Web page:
No matter how hard you try, you will never guess who will be murdered and by whom. There are so many twists and turns and red herrings that the reader is always kept guessing. The Scotland Yard Inspector Ian Rutledge is a tortured soul but a great detective. He suffers from World War I "shell shock" which is what we now recognize as Post Traumatic Stress Disorder that is manifested by a dead "imaginary friend" named Hamish McCloud. This adds an interesting component into how this detective acts and reacts. Hamish is to Rutledge what cocaine is to Sherlock Holmes - a dangerous nemesis that both helps and hampers. All of the books are pretty much the same plot but just different enough in locations, people, class distinctions, and twists to make each worth reading. My suggestion is to go on Google or Wikipedia to learn the order of the series and start with the first one. Each book fills in the gaps if you start somewhere in the middle but the continuity really helps. It would be nice if Audible.com would assign chronological order to books which contain a series or prequels and sequels. )I will post this same comment on all of the Ian Rutledge books that I've read.)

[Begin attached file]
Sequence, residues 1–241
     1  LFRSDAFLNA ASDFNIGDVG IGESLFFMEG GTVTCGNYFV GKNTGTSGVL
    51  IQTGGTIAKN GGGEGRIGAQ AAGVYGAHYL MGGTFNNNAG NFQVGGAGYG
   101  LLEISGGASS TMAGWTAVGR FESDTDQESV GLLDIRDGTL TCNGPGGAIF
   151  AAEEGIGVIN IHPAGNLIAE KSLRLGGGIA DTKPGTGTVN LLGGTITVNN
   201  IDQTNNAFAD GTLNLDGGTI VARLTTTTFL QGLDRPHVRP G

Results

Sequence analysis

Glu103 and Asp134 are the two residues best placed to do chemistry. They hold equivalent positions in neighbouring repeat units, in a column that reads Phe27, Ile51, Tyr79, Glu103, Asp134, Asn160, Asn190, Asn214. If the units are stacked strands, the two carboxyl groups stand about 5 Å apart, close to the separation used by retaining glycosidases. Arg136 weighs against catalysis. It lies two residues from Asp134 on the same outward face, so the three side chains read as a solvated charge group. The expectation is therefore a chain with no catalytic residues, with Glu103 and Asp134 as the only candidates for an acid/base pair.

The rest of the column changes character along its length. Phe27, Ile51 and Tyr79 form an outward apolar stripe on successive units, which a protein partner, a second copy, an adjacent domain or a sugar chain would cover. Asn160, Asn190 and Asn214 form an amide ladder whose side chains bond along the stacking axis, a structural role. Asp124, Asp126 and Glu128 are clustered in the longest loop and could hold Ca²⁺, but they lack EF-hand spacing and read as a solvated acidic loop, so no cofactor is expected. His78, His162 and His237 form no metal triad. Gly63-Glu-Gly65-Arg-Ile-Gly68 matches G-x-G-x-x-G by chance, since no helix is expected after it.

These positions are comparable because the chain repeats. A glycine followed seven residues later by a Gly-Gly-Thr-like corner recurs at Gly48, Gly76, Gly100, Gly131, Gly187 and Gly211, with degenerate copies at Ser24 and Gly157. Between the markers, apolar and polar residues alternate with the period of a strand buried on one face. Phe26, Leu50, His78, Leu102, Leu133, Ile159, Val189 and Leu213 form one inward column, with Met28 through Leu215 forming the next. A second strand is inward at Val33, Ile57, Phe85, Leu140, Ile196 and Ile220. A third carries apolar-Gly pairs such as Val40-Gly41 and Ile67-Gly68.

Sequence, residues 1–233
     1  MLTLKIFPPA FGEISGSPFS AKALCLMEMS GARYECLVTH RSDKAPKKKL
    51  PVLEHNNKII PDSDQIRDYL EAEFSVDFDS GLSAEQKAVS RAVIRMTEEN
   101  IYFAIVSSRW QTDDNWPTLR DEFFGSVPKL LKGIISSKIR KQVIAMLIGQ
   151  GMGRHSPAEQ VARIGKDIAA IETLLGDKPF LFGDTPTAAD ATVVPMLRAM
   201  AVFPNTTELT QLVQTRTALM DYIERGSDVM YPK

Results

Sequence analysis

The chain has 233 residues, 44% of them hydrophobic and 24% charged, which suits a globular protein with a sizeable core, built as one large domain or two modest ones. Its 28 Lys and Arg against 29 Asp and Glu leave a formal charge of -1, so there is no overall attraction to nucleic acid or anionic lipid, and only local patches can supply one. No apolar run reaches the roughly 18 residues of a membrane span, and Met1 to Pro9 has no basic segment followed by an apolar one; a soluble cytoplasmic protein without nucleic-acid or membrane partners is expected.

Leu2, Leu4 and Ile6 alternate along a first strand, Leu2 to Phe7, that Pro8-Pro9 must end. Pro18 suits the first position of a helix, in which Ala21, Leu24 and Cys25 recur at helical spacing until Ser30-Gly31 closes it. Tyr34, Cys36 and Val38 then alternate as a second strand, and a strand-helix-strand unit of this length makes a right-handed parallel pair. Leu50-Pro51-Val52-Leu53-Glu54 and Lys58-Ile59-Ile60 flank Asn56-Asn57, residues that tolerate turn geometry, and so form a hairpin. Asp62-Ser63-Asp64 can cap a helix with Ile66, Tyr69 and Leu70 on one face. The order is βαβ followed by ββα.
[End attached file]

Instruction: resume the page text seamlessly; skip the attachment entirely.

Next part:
I bought this book purely because it was on sale for $5. I read the description and it talked about kids in a grave yard and raising the devil. It sounded intriguing. Unfortunatly that's about the first half hour of the book. The rest is a quite boring detective story with uninteresting characters.
There are no listener reviews for this title yet.
Report Inappropriate Content